Although different in makeup, nearly all abused inhalants produce effects similar to anesthetics, which act to slow down the body functions. When inhaled via the nose or mouth in sufficient concentrations, inhalants can cause intoxicating effects that can last a few minutes or several hours if taken repeatedly. Initially, users may feel slightly stimulated; with successive inhalations they may feel less inhibited and less in control; finally, a user can lose consciousness.

“Huffing”, another term for sniffing, highly concentrated amounts of chemicals in solvents or aerosol sprays can directly induce heart failure and death. This is especially common from the abuse off fluorocarbon and butaine-type gases. High concentrations of inhalants also cause death from suffocation by displacing oxygen in the lungs and then in the central nervous system causing breathing to cease.

Some of the common products that adolescents will “huff” or sniff are airplane glue, nail polish remover, spray paint, correction fluid, gasoline, nitrous oxide, paint thinner, air freshener, butane fuels, wax removers, hair spray, lighter fuels, PVC cement, cleaning fluid, and degreasers.

Users can suffer visual hallucinations, severe mood swings, numbness and tingling of the hands and feet, loss of muscle control, slurred speech, headache, and abdominal pain.

ECSTASY / MDMA

Ecstasy pillsMDMA also known by the street name of “ecstasy” is a synthetic drug with both stimulant and hallucinogenic properties.

Ecstasy is typically distributed in urban areas, beach resorts, at or near college universities, high schools, raves parties, dance clubs, and bars.

The general effects of ecstasy use include increased heart rate and blood pressure, increased body temperature, possible hyperthermia, jaw and teeth clenching, muscle tension, hypertension, dehydration, chills and or sweating, nausea, blurred vision, faintness, dizziness, confusion, insomnia, and paranoia. Long term effects of MDMA include rash, depression, sleep disorders, drug craving, persistent elevation of anxiety, paranoia, aggressive and impulsive behavior.

Of great concern is MDMA’s adverse effect on the pumping efficiency of the heart and increased physical activity all of which places a strain on cardiovascular system.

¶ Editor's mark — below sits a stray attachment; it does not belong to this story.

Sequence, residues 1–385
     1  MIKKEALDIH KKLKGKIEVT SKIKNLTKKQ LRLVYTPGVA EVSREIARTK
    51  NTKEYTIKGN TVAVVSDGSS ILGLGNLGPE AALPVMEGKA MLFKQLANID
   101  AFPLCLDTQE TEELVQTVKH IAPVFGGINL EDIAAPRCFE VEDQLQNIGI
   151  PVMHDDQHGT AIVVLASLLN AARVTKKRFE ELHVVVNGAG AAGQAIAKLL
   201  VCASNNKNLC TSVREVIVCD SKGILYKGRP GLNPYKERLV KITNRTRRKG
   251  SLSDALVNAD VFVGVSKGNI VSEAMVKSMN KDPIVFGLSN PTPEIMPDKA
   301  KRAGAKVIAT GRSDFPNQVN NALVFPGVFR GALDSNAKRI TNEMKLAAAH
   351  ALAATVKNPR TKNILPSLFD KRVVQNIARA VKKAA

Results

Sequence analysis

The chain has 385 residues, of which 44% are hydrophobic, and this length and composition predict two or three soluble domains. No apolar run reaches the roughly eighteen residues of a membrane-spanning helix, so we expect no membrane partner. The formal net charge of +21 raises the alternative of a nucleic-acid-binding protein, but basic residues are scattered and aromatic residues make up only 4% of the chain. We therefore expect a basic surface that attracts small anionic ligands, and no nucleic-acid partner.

MDMA in its true form works in the brain by increasing the activity levels of at least three neuro-transmitters, serotonin, dopamine, and norepinephrine. MDMA causes these neurotransmitters to be released from their storage sites in neurons result in increased brain activity. By releasing large amounts of serotonin and also interfering with its synthesis, MDMA caused the brain to become significantly depleted of this important neurotransmitter. As a result, it takes the human brain time to rebuild its serotonin levels. Persistent deficits in serotonin are likely responsible for many of the persistent behavioral effects that the user experiences.

In Napa County MDMA or ecstasy is sold in pill form. The pills can be of various sizes and colors. Imprinted designs on the pills are not uncommon. The drug can be used to reduce inhibitions and eliminate anxiety and produces feelings of empathy for others.

DATE RAPE DRUGS

RohypnolDate rape drugs are used to assist a sexual assault. Sexual assault is any type of sexual activity that a person does not agree to. It can include inappropriate touching, vaginal penetration, sexual intercourse, rape, and attempted rape. Because of the effects of these drugs, victims may be physically helpless, unable to refuse sex, and can’t remember what happened. The drugs often have no color, smell, or taste and are easily added to flavored drinks without the victim’s knowledge. There are at least three date rape drugs:

GHB (gamma hydroxybutyric acid):